Parker’s Middle School math club, the Mathletes, participated in the AMC 8 math challenge last fall, a national competition for students in grades 8 and below. More than 1,800 schools across the United States participated in the challenge, with more than 98,000 individual students competing.
Parker students excelled in the 25-question, 40-minute, multiple choice exam. All of the Mathletes who participated scored within the top 50 percent in the country. The team’s top scorer, Maxwell Spiridonov, Class of 2023, scored within the top 5 percent of students across the nation. Sree Kandhadai, Class of 2023, was the team’s second highest scorer.
The Mathletes even had a Lower Schooler participate in the challenge. Grade 3 student Ethan Ben-Yehuda was the third highest scorer from the Mathletes.
The Middle School Mathletes participate in challenges like the AMC 8 throughout the school year. Under the direction of club advisor and Middle School math teacher Garik Linnastruth, up to 30 students in Grades 6, 7, and 8 meet each week to prepare for upcoming competitions.
In addition to the AMC 8 challenge, some of the competitions the Mathletes participate in each year include Interstellar Math Madness, a national online challenge in which students compete weekly in leagues followed by a single elimination bracket tournament; MathCounts, a national competition that brings middle schoolers together for a series of in-person competitions; and Math Field Day, a local San Diego competition with more than 20 schools participating in math and STEM-related challenges.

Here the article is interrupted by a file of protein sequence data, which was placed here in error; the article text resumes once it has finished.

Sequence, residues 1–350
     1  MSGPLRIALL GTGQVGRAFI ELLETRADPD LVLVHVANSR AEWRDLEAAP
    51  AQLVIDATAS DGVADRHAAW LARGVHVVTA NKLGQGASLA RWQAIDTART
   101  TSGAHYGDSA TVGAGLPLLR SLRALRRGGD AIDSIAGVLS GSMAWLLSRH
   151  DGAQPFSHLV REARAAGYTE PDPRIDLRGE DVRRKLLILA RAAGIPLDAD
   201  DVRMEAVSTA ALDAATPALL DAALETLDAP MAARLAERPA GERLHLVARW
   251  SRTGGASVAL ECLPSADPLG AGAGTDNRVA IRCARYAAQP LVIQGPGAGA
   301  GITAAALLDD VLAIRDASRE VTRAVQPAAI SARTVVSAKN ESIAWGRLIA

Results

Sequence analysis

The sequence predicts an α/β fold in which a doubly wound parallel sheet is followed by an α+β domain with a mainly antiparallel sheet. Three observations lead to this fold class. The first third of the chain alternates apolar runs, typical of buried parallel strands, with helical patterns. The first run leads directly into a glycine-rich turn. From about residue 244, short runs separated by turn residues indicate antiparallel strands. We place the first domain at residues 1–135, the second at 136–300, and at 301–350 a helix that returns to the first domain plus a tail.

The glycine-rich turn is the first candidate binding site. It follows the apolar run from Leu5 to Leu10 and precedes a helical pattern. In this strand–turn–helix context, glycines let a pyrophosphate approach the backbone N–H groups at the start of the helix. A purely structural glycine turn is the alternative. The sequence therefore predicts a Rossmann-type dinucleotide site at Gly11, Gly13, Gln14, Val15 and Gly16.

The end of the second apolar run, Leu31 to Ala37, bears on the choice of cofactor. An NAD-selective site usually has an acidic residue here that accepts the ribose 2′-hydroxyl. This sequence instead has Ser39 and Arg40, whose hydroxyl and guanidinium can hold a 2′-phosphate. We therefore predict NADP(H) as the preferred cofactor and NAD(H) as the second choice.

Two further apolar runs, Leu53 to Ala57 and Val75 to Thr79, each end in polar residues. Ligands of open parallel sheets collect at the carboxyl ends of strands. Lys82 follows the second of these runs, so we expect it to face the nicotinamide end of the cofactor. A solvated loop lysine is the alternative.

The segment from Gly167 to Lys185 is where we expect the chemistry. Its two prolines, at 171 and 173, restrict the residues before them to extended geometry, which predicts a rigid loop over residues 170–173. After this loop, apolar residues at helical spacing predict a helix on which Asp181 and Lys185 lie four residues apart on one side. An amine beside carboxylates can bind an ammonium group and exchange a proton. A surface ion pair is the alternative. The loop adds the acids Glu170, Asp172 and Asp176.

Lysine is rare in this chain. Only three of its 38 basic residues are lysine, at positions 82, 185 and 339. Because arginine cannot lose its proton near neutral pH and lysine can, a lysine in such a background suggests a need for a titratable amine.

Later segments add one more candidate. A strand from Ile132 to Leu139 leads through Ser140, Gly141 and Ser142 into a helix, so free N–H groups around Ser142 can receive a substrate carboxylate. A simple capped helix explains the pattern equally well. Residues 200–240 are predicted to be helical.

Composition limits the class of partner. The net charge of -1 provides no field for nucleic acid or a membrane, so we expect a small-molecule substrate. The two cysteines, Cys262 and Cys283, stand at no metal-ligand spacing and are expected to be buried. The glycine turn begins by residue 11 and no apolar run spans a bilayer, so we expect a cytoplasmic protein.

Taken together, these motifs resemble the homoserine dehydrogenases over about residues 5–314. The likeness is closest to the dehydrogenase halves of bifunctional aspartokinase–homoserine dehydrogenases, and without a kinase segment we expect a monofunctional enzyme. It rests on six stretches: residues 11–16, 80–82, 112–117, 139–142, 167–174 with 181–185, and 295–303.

Parker’s Mathletes don’t just meet to compete. They meet to have fun.
“What’s great about Mathletes is that it attracts all ages and ability levels,” says Garik. “We have gifted math students that score within the top percentages in the nation, and we have students who come for the laughs, puzzles, and pizza. We make sure it is a stress-free, fun, upbeat experience where students learn the beauty of mathematics and enjoy the critical thinking, reasoning, and problem-solving that accompany shapes, numbers, and real-world applications.”
We work to develop grit and perseverance in our Mathletes and create an environment where students lean into discomfort and an atmosphere where errors and mistakes are simply part of the learning process and growth toward becoming better mathematicians.Garik Linnastruth
Garik has been leading the Mathletes since he joined Parker six years ago, but the Mathletes has been a club at Parker since at least the 1980s. Since its inception, the club has created a fun and dynamic environment for students to practice, apply, and enjoy math.
“We work to develop grit and perseverance in our Mathletes and create an environment where students lean into discomfort and an atmosphere where errors and mistakes are simply part of the learning process and growth toward becoming better mathematicians,” says Garik. “To get to see the excitement from students when they get an answer correct during Math Madness or are super excited about the problems they saw during MathCounts is what keeps me doing this year after year.”